This leaves N = a non-integer, a contradiction. The contradictions prove that the term (3 + ε)n is a non-integer for all integers n, leading to the desired result.

It follows that (3 + ε)r ≠ 2k and we have the proof that non-trivial cycles do not exist. It remains to prove that a Collatz sequence not containing 1 also does not exist.

6. Extreme Points of a Collatz Sequence

The graph of any Collatz sequence reveals the existence of a sub-sequence consisting of extreme points J = { n i } { m i } , {ni} the minimal extreme points and {mi} the maximal extreme points. These numbers obey the basic inequalities mi > ni for each i ≥ 1. Furthermore, each ni is the generator of a Collatz sequence of all odd integers.

The following result provides more information concerning extreme points.

Theorem A. There exists a unique sequence of positive integers {ti} (to be called the pre-extremal sequence) such that for each i,

n i = 2 r i t i 1 and m i = 3 r i t i 1 (6)

Proof: Since mi is the resultant of the Collatz sequence of r odd numbers, r ≥ 1, the following identity can be routinely established by induction on r:

m j = [ 3 r n i + 3 r 2 r ] / 2 r (7)

or

2 r ( m i + 1 ) = 3 r ( n i + 1 ) (8)

Thus mi + 1 is divisible by 3r and ni + 1 is divisible by 2r and for certain positive integers p1 and p2,

m i + 1 = 3 r p 1 and n i + 1 = 2 r p 2

But from (6.3), 2r(3rp1) = 3r(2rp2) and therefore p1 = p2 = ti ≥ 1 for some unique ti. Hence it follows that

n i = 2 r t i 1 and m i = 3 r t i 1 .

as desired.

For a numerical example, consider the Collatz sequence C generated by n = 195 and corresponding string L = 12031302140111 written as L1K1L2K2L3K3L4, where L1 = 11, K1 = 000, L2 = 111, K2 = 00, L3 = 1111, K3 = 0, and L4 = 1. Note that 195 is uniquely preceded by 390, so J begins with 195, a local minimum. The members of C can be written as follows, with the members of J in bold type:

C(195) = {195, 293, 440, 220, 110, 55, 83, 125, 188, 94, 47, 71, 107, 161, 242, 121}

and we have

195(11)440(000)55(111)188(00)47(1111)242(0)121(1)

with

195 = 22(49) − 1

440 = 32(49) − 1

55 = 23(7) − 1

188 = 33(7) − 1

47 = 24(3) − 1

242 = 34(3) − 1

121 = 21(61) − 1

In this case, the pre-extremal sequence is {49, 7, 3, 61}.

We observe the following algorithm that generates the sequence {ti} Since ni is odd, add 1 to make it even, and begin dividing by 2 until an odd number u appears. This odd number u can be taken as ti since ni + 1 = 2vu or ni = 2vu − 1. The following result is also clear from this analysis:

Theorem B. The pre-extremal sequence consists of all odd integers.

7. A Formula for ti+1 in Terms of t1

Theorem A leads to a formula for ti+1 in terms of t1. A preliminary result is needed first.

Theorem C. Let L = 1 r i 0 s i and niLmi. Then

t i + 1 = 3 r i t i + 2 s i 1 2 r i + s i (9)

Proof: By hypothesis, niLiKimi, and from (7) we obtain

m i = 3 r i n j + 3 r i 2 r i 2 r i + s i (10)

Since mi is a generator of Li+1 and ni is a generator of Li, by Theorem A

m i = 2 r i + 1 t i + 1 1 and n i = 2 r i t i 1 (11)

(10) becomes

2 r i + 1 t i + 1 1 = 3 r i ( 2 r i t i 1 ) + 3 r i 2 r i 2 r i + s i

2 r i + 1 t i + 1 = 3 r i ( 2 r i t i ) 2 r i 2 r i + s i + 1 = 3 r i t i 1 + 2 s i 2 s i

which is equivalent to the desired result.

Define U i = 3 r i / 2 r i + 1 + s i and V i = ( 2 s i 1 ) / 2 r i + 1 + s i . Then (9) becomes for all i

t i + 1 = U i t i + V i

By successive substitution we obtain

t i + 1 = α i t 1 + β i (12)

where

α i = U 1 U 2 ... U i and β i = U 2 U 3 U i V 1 + U 3 U 4 U i V 2 + + U i V i 1 + V i (13)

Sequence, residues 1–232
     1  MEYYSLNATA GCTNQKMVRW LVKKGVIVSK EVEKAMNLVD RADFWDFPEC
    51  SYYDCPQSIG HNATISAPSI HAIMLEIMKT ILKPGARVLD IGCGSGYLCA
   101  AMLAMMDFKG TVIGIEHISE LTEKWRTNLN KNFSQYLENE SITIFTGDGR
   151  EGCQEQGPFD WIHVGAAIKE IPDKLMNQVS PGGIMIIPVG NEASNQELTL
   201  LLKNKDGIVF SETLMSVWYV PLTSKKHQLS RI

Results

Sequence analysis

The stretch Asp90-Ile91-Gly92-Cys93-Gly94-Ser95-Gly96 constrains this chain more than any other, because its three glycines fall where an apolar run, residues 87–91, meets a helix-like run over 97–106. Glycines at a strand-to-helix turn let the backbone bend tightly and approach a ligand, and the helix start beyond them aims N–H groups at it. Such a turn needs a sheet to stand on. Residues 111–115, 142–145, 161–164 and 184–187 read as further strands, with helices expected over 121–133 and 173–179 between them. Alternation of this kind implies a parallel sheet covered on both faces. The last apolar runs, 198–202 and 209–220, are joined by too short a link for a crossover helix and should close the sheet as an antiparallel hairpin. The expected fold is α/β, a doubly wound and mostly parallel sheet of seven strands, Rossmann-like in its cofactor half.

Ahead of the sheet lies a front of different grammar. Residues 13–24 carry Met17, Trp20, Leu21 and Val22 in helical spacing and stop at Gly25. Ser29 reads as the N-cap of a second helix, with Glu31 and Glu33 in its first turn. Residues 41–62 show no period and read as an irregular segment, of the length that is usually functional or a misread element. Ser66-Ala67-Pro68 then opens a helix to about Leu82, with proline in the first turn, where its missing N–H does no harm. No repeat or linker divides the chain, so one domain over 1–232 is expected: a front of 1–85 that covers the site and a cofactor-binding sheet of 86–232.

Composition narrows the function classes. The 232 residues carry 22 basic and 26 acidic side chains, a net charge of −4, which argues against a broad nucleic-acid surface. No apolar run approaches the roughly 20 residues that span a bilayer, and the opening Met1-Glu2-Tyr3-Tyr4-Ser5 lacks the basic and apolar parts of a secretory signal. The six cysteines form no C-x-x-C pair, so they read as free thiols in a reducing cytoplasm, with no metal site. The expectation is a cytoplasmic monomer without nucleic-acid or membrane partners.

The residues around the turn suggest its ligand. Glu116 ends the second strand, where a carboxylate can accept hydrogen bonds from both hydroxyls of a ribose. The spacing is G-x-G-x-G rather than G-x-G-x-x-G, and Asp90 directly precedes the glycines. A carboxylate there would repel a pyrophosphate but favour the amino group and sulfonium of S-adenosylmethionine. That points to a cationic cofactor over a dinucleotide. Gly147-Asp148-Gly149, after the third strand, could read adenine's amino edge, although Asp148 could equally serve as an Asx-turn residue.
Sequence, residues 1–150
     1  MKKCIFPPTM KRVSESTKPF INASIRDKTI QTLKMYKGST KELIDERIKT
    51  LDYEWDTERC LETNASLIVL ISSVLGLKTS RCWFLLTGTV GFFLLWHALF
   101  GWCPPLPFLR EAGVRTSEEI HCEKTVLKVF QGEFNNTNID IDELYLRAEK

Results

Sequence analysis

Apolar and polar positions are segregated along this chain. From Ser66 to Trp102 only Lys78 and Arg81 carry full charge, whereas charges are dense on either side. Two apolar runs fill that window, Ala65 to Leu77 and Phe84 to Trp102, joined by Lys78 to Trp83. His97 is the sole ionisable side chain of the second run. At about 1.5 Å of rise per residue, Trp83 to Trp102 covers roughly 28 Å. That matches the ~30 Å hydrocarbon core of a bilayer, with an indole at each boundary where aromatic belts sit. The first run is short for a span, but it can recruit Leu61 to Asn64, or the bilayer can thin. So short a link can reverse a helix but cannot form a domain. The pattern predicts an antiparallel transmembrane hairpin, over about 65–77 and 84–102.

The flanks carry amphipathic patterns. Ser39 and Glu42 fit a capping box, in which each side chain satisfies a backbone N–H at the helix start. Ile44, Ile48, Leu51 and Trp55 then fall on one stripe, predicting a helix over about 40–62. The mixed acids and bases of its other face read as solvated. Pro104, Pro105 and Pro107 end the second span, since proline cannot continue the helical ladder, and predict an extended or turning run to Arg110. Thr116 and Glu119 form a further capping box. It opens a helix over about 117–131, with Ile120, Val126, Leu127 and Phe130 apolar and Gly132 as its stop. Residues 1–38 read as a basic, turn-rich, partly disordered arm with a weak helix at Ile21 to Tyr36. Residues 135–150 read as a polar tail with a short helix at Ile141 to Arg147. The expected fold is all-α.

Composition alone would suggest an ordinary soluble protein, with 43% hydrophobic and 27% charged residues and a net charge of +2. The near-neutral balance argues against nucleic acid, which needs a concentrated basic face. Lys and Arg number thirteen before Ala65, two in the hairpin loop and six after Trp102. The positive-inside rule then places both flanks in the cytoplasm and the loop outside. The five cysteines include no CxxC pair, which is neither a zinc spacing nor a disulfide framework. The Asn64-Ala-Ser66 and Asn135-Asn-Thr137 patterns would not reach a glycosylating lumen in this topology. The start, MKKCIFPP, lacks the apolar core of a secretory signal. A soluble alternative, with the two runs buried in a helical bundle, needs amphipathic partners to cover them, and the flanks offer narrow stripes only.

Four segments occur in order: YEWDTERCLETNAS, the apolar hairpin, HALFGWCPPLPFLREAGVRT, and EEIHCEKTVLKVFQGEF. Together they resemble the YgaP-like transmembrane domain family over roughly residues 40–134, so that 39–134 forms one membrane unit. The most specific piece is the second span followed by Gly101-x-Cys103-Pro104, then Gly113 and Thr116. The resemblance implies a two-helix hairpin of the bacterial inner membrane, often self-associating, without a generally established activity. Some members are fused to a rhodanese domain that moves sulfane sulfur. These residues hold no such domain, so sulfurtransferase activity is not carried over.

A lemma will be needed later, based on these results.

Lemma 1. In the special case i = 1 , 2 k α 1 = 2 k U 1 = 2 r 1 3 r 1 and 2 k β 1 = 2 k V 1 = 2 r 1 ( 2 s 1 1 ) .

The proof is a routine result in algebra and will be omitted.

8. Divergent Strings

A divergent string is a string of zeros and ones not ending in 1010…

Theorem D. A divergent string has no generator.

Proof: Suppose L is a divergent string with a generator n, and with corresponding Collatz sequence C = C(n). Then C cannot contain a 1 or L ends in 1010… Every member of C is then greater than n* and there exists a least generator n' > n* of C. Hence, n' = n1 is an (odd) minimal extreme point of C, followed by an (even) maximal extreme point m1, which is the resultant of r1 odd members of C and generator of s1 even members of C, followed by n2, generator of r2 odd members of C, ending with m2, a maximal extreme point (even), the resultant of r2 odd members of C. There are a total of r1 + s1 + r2 = k members of C listed here (in other words a smaller Collatz sequence C', of which n1 is a generator and m2 the resultant). By (5)

m 2 = n 1 ( 3 + ε ) r / 2 k

where r = r1 + r2. It will be convenient to let g = (3 + ε)r − 3r. We then obtain

2 k m 2 = n 1 ( g + 3 r )

By Theorem A, m 2 = 3 r 2 t 2 1 and n 1 = 2 r 1 t 1 1 . Thus

2 k ( 3 r 2 t 2 1 ) = ( 2 r 1 t 1 1 ) ( g + 3 r )

2 k 3 r 2 t 2 2 k = 2 r 1 g t 1 + 2 r 1 3 r t 1 g 3 r

By (12),

2 k 3 r 2 ( α i t 1 + β i ) 2 k = 2 r 1 g t 1 + 2 r 1 3 r t 1 g 3 r

Using the Lemma we obtain

2 r 1 3 r t 1 + 2 r 1 3 r ( 2 s 1 1 ) 2 k = 2 r 1 g t 1 + 2 r 1 3 r t 1 g 3 r

which reduces to

2 r 1 3 r ( 2 s 1 1 ) 2 k = g ( 2 r 1 1 ) 3 r

which can be put in the form

( 3 + ε ) r n 1 = 2 r 1 3 r ( 2 s 1 1 ) 2 k + 3 r ( n 1 + 1 )

Since n1 is odd, the right side is an even integer, from which it follows that for some integer N,

( 3 + ε ) r n 1 = 2 N

Again, n1 is not even so cannot contain 2 as a factor, so we have for some integer N'

( 3 + ε ) r = 2 N

which violates the result of Section 5, showing that L has no generator.

9. Conclusion

The 3x + 1 problem has been proved in the affirmative, establishing that a finite Collatz sequence always converges to 1.

Conflicts of Interest

The authors declare no conflicts of interest regarding the publication of this paper.

References

[1] Kay, D. (2021) Collatz Sequences and Characteristic Zero-One Strings: Progress on the 3x + 1 Problem. American Journal of Computational Mathematics, 11, 226-239.
https://doi.org/10.4236/ajcm.2021.113015
[2] Lagarias, J.C. (2010) The Ultimate Challenge: The 3x + 1 Problem. American Mathematical Society, Providence.
https://doi.org/10.1090/mbk/078